Browse Prior Art Database

IMAGE SCALING USING BIT THROW-AWAY MEMORY

IP.com Disclosure Number: IPCOM000024634D
Original Publication Date: 1980-Dec-31
Included in the Prior Art Database: 2004-Apr-02
Document File: 2 page(s) / 93K

Publishing Venue

Xerox Disclosure Journal

Abstract

To implement image reduction in electronic imaging systems, a pixel throw-away is ordinarily used. Large Scale Integrated (LSI) circuits work well for this applicationwithin certain limits. Two difficulties which exist, however, are that the Transistor Transistor Logic (TTL) Binary Rate Multipliers (BRMs) presently available will not work at high data rates (i.e., 25 MHz is a typical maximum) and some applications require that not only the number of pixels to be deleted be known but also require that the pixels to be deleted be identified. While the BRM approach behaves precisely, it is difficult to calculate before hand exactly which pixels are to be deleted.

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IMAGE SCALING USING BIT THROW- AWAY MEMORY Richard H. Tuhro

Proposed Classification U.S. Cl. 358/280 Int. Cl. H04n 1/40

To implement image reduction in electronic imaging systems, a pixel throw-away is ordinarily used. Large Scale Integrated (LSI) circuits work well for this applicationwithin certain limits. Two difficulties which exist, however, are that the Transistor Transistor Logic (TTL) Binary Rate Multipliers (BRMs) presently available will not work at high data rates (i.e., 25 MHz is a typical maximum) and some applications require that not only the number of pixels to be deleted be known but also require that the pixels to be deleted be identified.         While         the         BRM approach behaves precisely, it is difficult to calculate before hand exactly which pixels are to be deleted.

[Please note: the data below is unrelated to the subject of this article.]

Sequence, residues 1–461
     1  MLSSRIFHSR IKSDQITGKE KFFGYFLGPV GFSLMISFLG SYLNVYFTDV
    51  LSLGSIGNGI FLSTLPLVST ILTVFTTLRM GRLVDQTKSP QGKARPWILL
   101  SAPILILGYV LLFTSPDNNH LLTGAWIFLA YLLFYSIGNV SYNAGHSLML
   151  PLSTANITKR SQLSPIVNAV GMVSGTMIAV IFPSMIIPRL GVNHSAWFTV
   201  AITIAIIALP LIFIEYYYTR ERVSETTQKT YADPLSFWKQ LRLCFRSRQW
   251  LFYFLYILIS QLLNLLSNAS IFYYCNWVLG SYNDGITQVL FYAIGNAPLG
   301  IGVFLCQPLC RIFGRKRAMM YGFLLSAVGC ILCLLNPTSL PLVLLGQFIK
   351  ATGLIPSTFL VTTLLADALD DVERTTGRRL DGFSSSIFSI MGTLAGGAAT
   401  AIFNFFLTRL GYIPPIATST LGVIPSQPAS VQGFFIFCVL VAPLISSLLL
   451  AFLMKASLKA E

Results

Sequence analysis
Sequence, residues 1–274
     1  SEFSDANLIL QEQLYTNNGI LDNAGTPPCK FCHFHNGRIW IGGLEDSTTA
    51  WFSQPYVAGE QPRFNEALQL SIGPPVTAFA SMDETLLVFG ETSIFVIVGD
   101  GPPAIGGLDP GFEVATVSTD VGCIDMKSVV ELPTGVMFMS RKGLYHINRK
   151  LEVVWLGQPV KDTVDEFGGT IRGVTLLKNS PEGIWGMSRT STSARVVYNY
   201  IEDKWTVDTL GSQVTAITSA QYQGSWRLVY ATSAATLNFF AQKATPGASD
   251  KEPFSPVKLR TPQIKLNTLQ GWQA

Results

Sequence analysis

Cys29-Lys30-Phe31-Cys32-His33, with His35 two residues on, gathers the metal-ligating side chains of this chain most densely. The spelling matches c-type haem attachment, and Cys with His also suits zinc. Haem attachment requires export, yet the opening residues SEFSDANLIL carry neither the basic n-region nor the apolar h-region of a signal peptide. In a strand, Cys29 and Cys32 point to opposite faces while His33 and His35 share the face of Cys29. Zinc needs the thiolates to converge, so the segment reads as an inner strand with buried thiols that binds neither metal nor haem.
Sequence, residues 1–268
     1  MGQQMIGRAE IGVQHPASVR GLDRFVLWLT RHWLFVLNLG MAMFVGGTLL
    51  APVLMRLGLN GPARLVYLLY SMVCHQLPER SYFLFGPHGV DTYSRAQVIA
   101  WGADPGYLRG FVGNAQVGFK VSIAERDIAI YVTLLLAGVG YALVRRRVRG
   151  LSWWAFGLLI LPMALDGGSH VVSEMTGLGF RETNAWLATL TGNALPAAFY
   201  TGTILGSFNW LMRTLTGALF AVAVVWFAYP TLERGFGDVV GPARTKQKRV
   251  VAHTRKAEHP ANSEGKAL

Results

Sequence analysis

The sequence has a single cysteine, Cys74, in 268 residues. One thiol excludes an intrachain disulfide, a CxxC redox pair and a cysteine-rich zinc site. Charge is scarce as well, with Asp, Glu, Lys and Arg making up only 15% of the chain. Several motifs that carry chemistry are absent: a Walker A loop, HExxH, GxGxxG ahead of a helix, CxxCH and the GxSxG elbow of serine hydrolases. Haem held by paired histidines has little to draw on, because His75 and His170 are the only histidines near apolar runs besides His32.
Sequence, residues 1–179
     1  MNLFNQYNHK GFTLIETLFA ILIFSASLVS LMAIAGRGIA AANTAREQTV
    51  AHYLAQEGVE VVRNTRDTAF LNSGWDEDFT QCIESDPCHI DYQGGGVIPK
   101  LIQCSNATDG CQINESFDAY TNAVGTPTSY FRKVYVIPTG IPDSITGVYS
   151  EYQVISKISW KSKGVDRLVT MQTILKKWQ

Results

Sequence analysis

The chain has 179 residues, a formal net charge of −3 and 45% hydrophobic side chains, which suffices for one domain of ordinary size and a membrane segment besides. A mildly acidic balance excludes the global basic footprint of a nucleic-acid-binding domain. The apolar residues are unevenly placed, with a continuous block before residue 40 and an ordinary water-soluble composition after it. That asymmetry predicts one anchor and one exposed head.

Referring to the figure, an alternate approach stores the pixel delete (or save) pattern in memory 6. Semiconductor memories are fast, inexpensive and offer an easy to understand approach which eliminates the problems mentioned above. Memory 6 is addressed by a counter 7. Counter 7 is driven by the system pixel clock through divide-by-8 counter 9 so that a change occurs every 8 pixels, thus providing a modest memory rate; i.e., a 40 MHz pixel rate becomes a 5 MHz (200Ns) memory rate. The output of memory 6 is fed to parallel-to-serial buffer 10 controlling the enabling of pixel clock gate 11 and, in turn, pixel throw-away.